Vehicle safety recalls often have a huge impact on the lives of drivers, and perhaps no more so than in the case of Texas’ Candice Anderson. Here is the story of how an auto recall turned her life upside down.
Candice Anderson’s Accident
Back in November 2014, Candice Anderson was driving a Saturn Ion, manufactured by General Motors (G.M.) with her fiancée, Gene Erickson, riding in the passenger seat. The car veered off the road in a rural part of east Texas, crashing into a tree. The airbags did not deploy and Gene died from the impact. Candice was 21 years old at the time of the crash, and she suffered serious injuries as well.
The Court’s Decision
As a result of this crash, Candice was formally charged and she plead guilty to negligent homicide. After the court’s decision, she served five years of probation, paid thousands of dollars in fines, and did hundreds of hours of community service. In addition to these penalties, she also lived with a decade of guilt believing that she killed the love of her life.
General Motors Admission
After 10 years, G.M. publically admitted that Gene’s death was linked to an ignition switch defect which affected millions of vehicles. Candice’s car was equipped with the faulty ignition switch, which has been linked to a loss of vehicular power and disabled steering, airbags, and brakes. Dozens of deaths have been linked to this mechanical failure.
Concealing the Truth
One of the most disturbing facts of this case is that G.M. conducted an internal review of the crash in 2007 before Candice pled guilty and determined that its car was the cause of Gene’s death. However, GM never notified Candice or her lawyer about these findings.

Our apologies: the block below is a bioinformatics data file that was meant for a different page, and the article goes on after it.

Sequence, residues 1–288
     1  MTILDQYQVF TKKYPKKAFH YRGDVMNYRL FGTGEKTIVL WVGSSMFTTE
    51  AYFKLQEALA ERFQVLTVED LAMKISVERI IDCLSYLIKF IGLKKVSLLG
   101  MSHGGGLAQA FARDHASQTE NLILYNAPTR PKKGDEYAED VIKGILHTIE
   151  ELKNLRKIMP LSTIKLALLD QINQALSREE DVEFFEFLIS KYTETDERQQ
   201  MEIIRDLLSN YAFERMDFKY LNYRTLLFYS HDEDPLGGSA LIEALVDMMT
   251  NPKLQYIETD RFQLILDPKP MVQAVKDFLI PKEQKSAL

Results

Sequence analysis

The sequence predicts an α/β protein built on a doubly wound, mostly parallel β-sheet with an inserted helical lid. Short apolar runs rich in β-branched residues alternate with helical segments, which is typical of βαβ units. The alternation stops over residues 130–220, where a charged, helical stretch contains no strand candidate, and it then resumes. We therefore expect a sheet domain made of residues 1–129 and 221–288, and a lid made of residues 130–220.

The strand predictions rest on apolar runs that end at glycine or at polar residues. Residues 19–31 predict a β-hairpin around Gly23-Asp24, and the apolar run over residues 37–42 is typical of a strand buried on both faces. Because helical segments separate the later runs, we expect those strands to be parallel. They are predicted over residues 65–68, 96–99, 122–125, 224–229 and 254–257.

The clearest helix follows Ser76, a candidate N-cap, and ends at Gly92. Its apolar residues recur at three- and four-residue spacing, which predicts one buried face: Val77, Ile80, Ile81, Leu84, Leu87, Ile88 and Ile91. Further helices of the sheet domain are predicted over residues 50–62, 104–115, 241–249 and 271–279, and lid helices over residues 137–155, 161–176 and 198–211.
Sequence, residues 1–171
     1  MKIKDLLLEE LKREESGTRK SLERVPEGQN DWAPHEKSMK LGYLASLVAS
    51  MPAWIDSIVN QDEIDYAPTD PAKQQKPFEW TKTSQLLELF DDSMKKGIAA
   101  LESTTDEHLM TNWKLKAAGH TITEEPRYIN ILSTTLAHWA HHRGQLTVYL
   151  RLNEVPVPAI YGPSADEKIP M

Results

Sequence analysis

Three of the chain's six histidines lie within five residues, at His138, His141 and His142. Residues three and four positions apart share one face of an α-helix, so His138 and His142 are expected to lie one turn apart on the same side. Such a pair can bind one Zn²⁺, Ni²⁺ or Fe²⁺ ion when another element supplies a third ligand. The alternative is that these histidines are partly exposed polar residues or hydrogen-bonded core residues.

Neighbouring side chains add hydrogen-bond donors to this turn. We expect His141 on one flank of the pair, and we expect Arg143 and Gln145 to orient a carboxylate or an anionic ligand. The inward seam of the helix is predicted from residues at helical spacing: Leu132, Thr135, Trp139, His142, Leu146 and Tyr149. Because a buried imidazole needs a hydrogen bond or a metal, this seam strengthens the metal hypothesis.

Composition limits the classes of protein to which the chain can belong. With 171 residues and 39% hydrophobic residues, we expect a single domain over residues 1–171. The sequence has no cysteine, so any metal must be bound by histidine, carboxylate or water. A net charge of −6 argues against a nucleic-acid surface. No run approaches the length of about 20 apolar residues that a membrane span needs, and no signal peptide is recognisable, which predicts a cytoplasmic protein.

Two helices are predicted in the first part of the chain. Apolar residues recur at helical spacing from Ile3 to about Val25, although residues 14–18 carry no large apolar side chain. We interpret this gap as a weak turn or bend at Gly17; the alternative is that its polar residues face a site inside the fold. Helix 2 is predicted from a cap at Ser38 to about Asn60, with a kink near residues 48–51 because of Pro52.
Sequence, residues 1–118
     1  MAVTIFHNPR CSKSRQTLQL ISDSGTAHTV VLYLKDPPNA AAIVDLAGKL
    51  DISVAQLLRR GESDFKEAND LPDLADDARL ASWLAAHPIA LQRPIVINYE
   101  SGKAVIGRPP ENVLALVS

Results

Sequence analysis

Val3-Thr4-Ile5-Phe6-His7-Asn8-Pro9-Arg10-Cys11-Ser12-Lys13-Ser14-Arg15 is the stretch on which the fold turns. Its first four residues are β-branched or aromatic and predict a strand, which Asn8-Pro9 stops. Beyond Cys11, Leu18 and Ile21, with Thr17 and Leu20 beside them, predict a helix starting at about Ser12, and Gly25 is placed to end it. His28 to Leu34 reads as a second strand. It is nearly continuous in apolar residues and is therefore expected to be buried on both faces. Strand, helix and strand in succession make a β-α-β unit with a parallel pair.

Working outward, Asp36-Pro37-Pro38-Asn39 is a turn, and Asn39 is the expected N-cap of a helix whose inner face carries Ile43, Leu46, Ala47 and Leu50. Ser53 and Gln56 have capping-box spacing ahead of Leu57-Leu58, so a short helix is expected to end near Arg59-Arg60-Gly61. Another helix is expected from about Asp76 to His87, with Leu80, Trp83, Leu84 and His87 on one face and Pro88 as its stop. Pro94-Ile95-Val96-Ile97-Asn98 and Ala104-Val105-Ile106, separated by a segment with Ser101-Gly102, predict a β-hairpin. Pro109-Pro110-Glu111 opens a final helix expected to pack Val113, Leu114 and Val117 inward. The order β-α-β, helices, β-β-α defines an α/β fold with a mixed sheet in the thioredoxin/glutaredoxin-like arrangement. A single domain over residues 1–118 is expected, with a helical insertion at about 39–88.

“Had I known at the time that G.M. knew of these issues and has since admitted to such, I do not believe the grand jury would have indicted her for intoxication manslaughter,” said Leslie Poynter Dixon, the prosecuting district attorney.
Senator Richard Blumenthal added, “Her plight demonstrates just how far the consequences of General Motors’ concealment go, hurting not just direct victims of defective cars but also those who were blamed for the accidents even when G.M. knew full well what the cause had been.”
How You Can Stay Safe
It’s important to stay up-to-date on current auto recalls to know if any recalls affect the vehicle you drive. Head over to safercar.gov, a site operated by the United States Department of Transportation, to search for your car’s VIN number. Automakers typically alert owners about relevant recalls and offer free repairs, however, it is always a good idea to do your independent research and keep yourself informed as well.
If your vehicle is included in an auto recall, contact your local dealership to schedule an appointment. Provide the dealership with a copy of your recall notification letter and ask a lot of questions as you go over the details of the suggested repairs.